I’m returning today to the interview in Christian Century with Jennifer McBride, the author of a soon-to-be-released book on the role of God’s Church in the world. The book is called “The Church for the World: A Theology of Public Witness.” McBride tackles the question of the Church’s grand mission and the misunderstandings about the methods for achieving the divine task. To me, her theology is all about rejecting the ways of the world and embracing the ways of our Lord. It’s not unlike Eugene Peterson’s “The Jesus Way,” which has had a significant influence on my own thinking and growing.
About a third of the way into the article, David Heim asks McBride why the cross of Christ and Christ’s sufferings for sinners, while at the very core of the Church’s faith and theology, is not a part of the Church’s witness. Her reply:
“In white North American Christianity, the cross tends to function as a symbol for Jesus taking on my individual sin and forgiving me. It refers, in other words, to a central claim in a doctrinal system rather than to a way of life, a way of being in the world based on conformation to the incarnate and crucified Christ.
Dietrich Bonhoeffer said that witness to Christ is conformation to Christ; it is the Church taking the shape of Jesus in public life. Bonhoeffer takes literally Paul’s claim that the Church is “the body of Christ — the physical manifestation of Jesus in the world — so in order to witness to Christ faithfully, the Church must mirror Jesus’ own public presence.
When we examine Jesus’ public presence we see that his whole way of being in the world was marked by the cross; he took “the form of a sinner” in his life and in his death in order to be in solidarity with fellow human beings. It is by being in solidarity with sinners that Jesus brings about reconciliation. This is not a picture of Jesus that churches often emphasize.”
(I knew I liked her for some reason. I think this book probably borrows heavily from Bonhoeffer.)
If Jesus redeems the world in the form of a sinner, then the Church must join God in this reconciliation ministry by taking that same form. We are not standard-bearers of a superior morality, we are sinners. All of us. We are not this world’s judges, we are sinners. All of us. Somewhere over the past 50 years or so, the Church began to understand faithful Christian witness as duking it out with the world over morality. This seems to be the exact opposite of the ways of our Christ. Jesus never presented himself as a perfect human being. He took the form of a condemned sinner.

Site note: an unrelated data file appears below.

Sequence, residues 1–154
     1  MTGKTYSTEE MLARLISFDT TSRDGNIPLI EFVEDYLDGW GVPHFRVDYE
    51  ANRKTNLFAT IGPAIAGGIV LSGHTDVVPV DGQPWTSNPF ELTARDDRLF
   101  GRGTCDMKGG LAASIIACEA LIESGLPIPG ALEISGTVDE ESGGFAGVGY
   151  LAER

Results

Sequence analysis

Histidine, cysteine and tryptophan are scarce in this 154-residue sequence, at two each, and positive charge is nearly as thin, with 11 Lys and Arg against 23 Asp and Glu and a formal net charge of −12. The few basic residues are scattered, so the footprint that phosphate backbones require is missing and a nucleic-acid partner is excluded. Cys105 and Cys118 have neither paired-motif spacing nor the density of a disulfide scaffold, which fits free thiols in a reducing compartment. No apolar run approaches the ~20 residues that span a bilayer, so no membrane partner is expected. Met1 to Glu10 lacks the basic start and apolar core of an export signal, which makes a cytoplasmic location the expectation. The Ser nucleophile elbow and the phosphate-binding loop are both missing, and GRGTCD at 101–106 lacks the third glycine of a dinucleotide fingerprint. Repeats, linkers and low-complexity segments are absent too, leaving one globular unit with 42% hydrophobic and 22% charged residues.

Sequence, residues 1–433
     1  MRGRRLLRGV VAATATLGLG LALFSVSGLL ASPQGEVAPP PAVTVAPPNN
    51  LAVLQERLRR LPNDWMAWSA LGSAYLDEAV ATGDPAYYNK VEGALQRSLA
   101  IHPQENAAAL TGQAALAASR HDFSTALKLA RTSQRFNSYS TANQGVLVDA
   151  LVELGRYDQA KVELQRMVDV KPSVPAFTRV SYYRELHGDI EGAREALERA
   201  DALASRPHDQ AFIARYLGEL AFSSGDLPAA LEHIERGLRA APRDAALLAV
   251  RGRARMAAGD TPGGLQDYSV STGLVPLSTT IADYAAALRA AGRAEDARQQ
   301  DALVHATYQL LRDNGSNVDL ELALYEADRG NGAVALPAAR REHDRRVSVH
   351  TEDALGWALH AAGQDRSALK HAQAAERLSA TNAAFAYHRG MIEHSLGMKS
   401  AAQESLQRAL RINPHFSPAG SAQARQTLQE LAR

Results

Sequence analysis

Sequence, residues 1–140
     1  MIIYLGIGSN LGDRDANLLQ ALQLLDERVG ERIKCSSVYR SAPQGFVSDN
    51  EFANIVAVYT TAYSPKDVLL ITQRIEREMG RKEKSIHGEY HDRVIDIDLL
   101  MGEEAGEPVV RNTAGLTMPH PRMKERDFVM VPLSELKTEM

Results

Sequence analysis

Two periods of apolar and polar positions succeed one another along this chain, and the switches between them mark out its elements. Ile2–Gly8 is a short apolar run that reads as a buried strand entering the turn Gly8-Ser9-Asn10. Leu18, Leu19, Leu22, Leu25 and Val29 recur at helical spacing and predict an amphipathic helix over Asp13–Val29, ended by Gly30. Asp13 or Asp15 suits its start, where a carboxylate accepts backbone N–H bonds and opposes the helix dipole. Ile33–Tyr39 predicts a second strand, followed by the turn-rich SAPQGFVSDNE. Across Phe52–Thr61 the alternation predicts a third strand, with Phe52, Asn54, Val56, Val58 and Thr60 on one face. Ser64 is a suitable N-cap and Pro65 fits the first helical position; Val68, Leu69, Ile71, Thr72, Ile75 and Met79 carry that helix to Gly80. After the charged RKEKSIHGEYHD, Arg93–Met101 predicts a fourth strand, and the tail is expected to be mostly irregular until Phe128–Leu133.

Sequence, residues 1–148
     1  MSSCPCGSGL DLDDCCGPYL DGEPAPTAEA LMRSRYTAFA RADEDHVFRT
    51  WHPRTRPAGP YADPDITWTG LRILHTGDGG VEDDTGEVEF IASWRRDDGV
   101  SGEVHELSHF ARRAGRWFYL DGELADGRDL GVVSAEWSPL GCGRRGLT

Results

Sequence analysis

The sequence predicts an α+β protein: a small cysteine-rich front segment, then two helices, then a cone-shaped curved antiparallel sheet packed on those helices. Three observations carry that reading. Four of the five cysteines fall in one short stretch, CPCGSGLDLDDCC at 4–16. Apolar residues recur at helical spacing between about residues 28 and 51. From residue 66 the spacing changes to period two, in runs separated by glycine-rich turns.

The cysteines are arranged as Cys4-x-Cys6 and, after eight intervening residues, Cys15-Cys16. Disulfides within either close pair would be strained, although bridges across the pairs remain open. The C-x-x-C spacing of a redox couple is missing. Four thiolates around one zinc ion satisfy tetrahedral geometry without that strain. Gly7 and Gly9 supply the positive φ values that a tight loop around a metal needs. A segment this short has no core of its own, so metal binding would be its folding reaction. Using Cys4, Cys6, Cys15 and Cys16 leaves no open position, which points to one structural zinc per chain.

Yes, I believe individual Christians and God’s Church as a whole should have and take strong positions on abortion and war and food stamps and immigration. But it’s our disposition as sinners, it’s our humility and grace as sinners, that should inform and give shape to those positions. It’s our commitment to Christ-likeness that should run through our attempts to promote those positions.
McBride argues for an abiding spirit of confession and repentance:
“By confession of sin, I mean a pattern of speaking that acknowledges Christians’ inherent entanglement with society’s structural sin and our complicity in specific injustice. By repentance, I mean concrete social and political activity that arises from the church community taking responsibility for that sin.
Political activity that stems from a felt need to repent is my answer to the question of how a witness can be at once bold and humble. It is bold because it takes a stand on particular issues affecting the welfare of other human beings. It is humble because it points fingers away from others and toward itself.”
This increasingly anti-institution, anti-authority, and anti-religion age is turned off by most displays of authority, superiority, and judgment. Well, duh! I think the world has always been mostly turned off by those things. No wonder the Church is struggling right now to captivate the unsaved with Christ’s salvation. We’re not giving them the meek and lowly Christ; we’re giving them some kind of pushy know-it-all who stands above the world instead of with it.
We are a people in need of constant conversion, in need of daily, if not hourly, change. Engaging the world as redeemed sinners, very much aware and open about our sinfulness, seems to be a much better way to go.
Being with sinners is dirty and messy and dangerous (and fun because “…it’s fun to do bad things…”). Isn’t it much easier to be the pushy know it all…